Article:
passphrase('my password')->generate->salt_base64;


Returns the base64 encoded hash from a Dancer::Plugin::Passphrase object.

    passphrase('my password')->generate->hash_base64;


Returns the plaintext password as originally supplied to the passphrase keyword.

    passphrase('my password')->generate->plaintext;



The aim of this module is to help you store new passwords in a secure manner, whilst still being able to verify and upgrade older passwords.

Cryptography is a vast and complex field. Many people try to roll their own methods for securing user data, but succeed only in coming up with a system that has little real security.

This plugin provides a simple way of managing that complexity, allowing developers to follow crypto best practice without having to become an expert.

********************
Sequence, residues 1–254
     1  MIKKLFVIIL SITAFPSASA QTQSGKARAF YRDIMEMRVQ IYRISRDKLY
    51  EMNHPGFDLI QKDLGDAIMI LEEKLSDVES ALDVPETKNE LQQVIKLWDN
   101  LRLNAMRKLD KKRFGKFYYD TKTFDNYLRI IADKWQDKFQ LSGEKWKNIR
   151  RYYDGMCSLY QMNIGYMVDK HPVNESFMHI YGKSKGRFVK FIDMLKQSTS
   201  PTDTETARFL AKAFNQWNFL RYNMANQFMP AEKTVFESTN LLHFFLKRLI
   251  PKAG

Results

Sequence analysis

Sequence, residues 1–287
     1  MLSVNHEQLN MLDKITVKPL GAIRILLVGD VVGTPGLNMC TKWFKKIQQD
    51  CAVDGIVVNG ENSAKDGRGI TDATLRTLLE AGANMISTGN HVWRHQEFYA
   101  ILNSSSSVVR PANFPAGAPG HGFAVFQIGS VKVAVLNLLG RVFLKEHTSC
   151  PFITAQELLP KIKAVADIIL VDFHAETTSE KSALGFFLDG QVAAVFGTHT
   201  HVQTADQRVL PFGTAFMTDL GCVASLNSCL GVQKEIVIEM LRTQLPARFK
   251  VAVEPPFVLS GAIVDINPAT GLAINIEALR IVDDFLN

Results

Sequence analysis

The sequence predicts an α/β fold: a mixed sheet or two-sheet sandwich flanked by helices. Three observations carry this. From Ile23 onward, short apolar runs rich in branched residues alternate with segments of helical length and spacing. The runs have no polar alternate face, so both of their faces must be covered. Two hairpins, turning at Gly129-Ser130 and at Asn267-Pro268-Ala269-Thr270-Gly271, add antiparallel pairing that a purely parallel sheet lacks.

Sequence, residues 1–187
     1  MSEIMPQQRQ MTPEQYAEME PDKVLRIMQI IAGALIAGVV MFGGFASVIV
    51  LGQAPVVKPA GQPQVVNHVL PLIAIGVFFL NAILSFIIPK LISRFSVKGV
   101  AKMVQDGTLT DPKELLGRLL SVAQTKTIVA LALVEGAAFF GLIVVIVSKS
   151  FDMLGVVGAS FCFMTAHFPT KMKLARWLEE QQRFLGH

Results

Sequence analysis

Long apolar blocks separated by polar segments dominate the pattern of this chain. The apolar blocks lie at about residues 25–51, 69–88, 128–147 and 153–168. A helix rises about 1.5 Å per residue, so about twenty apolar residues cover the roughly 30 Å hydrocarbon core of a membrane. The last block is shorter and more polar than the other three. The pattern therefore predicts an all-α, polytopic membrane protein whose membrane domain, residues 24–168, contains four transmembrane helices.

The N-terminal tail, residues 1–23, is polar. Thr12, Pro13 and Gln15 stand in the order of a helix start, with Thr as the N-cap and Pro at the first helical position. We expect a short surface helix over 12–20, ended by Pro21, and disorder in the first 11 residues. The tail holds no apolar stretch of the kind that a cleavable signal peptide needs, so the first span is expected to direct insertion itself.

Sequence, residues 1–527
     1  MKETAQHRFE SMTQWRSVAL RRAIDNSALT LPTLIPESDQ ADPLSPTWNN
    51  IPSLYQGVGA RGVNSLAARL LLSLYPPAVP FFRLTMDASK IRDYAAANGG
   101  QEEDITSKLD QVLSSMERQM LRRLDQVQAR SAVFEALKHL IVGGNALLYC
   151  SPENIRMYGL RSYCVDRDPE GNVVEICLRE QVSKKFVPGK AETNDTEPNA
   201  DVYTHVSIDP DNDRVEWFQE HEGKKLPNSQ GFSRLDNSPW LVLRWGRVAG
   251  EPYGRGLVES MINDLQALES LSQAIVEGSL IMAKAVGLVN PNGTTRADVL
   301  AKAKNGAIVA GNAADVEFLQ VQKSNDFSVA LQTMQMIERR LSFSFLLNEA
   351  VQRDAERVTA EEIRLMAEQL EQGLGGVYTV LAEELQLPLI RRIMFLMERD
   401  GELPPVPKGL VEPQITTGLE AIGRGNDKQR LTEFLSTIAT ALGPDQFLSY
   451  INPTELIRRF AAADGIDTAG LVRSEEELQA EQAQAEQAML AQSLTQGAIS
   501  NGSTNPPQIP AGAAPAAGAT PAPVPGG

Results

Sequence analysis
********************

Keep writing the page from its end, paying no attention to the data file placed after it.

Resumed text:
The module defaults to hashing passwords using the bcrypt algorithm, returning them in RFC 2307 format.

RFC 2307 describes an encoding system for passphrase hashes, as used in the "userPassword" attribute in LDAP databases. It encodes hashes as ASCII text, and supports several passphrase schemes by starting the encoding with an alphanumeric scheme identifier enclosed in braces.

RFC 2307 only specifies the MD5, and SHA schemes - however in real-world usage, schemes that are salted are widely supported, and are thus provided by this module.

Bcrypt is an adaptive hashing algorithm that is designed to resist brute force attacks by including a cost (aka work factor). This cost increases the computational effort it takes to compute the hash.

SHA and MD5 are designed to be fast, and modern machines compute a billion hashes a second. With computers getting faster every day, brute forcing SHA hashes is a very real problem that cannot be easily solved.